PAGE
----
Physics provides a training in how to
solve problems. It also equips graduates with mathematical and information
technology skills. Consequently a vast range of career options are
available for a physics graduate, options which need not necessarily
directly use physics. For instance, the CEOs of several large Australian
companies are physicists. Physicists face the world with confidence
and know where to obtain the information they need to complete a
task. Of particular interest for many students will be the Double
Degrees we offer, such as Science/Law, Science/Commerce, Science/Arts
and Science/Engineering, with Physics as the principal scientific
component. These degrees teach a broad range of skills, including
the scientific methodology so important in solving problems, and
provide recognised professional qualifications in the second discipline.
Higher degrees such as the MSc or PhD are an essential prerequisite
for a career in research. The School offers a vigorous research
program where these degrees can be obtained through the submission
of a thesis by research.
Physicists are thus employed in an extensive
range of activities, both within and outside the discipline itself.
Some of the opportunities include:
- Astrophysics. Astronomical observatories
are high-technology institutions, employing skilled scientists
with engineering, electronic, computing and optical backgrounds,
as well as astronomers. While the field is competitive, Australia
has a proud record in astronomy. There are many opportunities
both within Australia and abroad for astronomical careers. For
example, in 1998 eight members of the Department of Astrophysics
found employment at major observatories around the world.
- Postdoctoral fellowships in universities
and government laboratories, where you conduct independent research.
- Technical and professional officers
in universities, industrial and government laboratories.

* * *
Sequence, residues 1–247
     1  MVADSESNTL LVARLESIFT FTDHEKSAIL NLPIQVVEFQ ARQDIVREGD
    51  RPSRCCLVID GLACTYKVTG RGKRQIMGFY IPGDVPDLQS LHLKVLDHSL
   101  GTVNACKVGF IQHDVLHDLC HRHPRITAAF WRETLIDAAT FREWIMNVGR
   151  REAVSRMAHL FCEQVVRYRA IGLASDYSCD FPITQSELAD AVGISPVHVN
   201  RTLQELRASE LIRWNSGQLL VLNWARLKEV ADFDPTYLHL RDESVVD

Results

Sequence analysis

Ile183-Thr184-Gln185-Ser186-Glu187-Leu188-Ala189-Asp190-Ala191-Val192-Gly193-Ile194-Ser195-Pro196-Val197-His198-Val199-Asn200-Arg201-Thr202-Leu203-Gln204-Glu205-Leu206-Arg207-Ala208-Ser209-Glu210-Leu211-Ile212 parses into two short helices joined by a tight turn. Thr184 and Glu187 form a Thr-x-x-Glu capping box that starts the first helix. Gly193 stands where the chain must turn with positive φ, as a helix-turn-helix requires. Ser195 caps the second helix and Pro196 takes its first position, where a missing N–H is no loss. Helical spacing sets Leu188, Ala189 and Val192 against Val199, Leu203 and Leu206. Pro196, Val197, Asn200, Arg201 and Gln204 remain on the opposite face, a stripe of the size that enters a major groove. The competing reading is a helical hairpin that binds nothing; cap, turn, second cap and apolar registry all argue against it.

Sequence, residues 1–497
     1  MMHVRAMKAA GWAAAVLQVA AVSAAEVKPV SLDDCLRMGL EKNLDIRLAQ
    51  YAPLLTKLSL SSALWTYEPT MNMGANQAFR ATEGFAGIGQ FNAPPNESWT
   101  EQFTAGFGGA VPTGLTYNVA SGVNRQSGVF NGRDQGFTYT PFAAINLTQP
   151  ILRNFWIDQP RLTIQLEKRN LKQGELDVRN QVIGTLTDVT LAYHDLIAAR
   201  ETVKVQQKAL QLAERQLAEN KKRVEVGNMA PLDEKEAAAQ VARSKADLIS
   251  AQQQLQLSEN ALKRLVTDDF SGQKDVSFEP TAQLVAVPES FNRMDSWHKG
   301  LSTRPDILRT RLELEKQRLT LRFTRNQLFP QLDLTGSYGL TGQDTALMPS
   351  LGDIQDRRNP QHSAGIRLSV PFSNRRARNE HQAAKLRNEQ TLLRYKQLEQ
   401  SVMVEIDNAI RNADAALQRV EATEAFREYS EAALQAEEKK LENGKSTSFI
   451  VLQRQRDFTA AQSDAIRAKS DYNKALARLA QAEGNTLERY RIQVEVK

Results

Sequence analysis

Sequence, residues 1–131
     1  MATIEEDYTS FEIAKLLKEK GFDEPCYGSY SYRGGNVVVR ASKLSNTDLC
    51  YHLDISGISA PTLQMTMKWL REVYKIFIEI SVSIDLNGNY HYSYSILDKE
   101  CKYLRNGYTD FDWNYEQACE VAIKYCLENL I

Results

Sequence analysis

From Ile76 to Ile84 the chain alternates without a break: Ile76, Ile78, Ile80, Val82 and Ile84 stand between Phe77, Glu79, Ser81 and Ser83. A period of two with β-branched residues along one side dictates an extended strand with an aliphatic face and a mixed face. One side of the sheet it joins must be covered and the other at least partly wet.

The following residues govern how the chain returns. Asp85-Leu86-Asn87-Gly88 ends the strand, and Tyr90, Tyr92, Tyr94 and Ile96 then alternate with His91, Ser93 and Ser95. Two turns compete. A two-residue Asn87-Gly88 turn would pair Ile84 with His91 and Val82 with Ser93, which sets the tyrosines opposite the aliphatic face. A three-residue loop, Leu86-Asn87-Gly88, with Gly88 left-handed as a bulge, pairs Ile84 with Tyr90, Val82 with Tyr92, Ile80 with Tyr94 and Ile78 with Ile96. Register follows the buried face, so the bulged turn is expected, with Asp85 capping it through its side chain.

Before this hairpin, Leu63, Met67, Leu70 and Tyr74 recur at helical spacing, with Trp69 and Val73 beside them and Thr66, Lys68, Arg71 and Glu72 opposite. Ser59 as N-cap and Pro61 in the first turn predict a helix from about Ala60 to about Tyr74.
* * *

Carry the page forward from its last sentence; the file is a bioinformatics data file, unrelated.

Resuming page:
- Research positions in CSIRO, Defence
laboratories or industry (such as BHP, CSR, ICI and Telstra).
- Teaching at schools, TAFE and universities.
There is currently a severe shortage of qualified physics teachers.
- Medical physics, including biophysics
and bioengineering, associated with hospitals, health departments
and medical research.
- Engineering. The best engineers are
those who also understand and can apply physics.
- Industrial Physics, such as manufacturing,
communications, electronics & biomedical technology.
- Commonwealth and State Public Service,
jobs requiring an understanding of basic scientific processes,
even if not directly using that science.
- Scientific sales and management,
especially in the computer industry.
- Computing and computing science.
The experience gained as a physicist, using computers to solve
physics problems, is usually regarded by employers in the industry
as more valuable than that of graduates who simply have a computing
- Environmental science, including
studying global climate change. Many of these problems require
a sound physics background, often as a member of an interdisciplinary
- Optoelectronics, including communication
and data storage & retrieval using lasers, is one of the fastest
growing areas in science and technology. Its impact on the world
in the 21st century is likely to be as great and extensive as
electronics was in the 20th century.
- Management. Successful managers require
a great many skills, and the ability to recognise and solve problems
is one of the most important. A training in physics prepares you
for this need.
- Finance. The mathematical model building
and problem-solving skills of physicists are in great demand in
the financial sector.
For further information about the School
of Physics please contact: